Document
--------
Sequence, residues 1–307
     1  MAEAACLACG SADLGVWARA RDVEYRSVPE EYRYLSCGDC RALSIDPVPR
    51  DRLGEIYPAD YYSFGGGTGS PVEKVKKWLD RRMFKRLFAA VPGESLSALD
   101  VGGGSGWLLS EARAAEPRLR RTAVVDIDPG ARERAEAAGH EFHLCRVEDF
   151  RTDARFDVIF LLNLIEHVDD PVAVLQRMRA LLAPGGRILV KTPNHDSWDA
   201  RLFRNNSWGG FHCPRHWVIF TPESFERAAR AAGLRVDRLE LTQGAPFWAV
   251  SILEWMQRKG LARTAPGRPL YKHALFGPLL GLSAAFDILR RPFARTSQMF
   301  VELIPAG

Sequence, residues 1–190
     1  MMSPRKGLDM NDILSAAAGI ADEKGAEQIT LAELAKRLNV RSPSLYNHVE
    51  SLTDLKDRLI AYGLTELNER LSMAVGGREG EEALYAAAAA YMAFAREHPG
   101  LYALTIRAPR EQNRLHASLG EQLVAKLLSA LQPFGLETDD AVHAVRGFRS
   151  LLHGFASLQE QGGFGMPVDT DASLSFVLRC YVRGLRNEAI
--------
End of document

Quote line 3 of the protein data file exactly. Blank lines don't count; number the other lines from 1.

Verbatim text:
    51  DRLGEIYPAD YYSFGGGTGS PVEKVKKWLD RRMFKRLFAA VPGESLSALD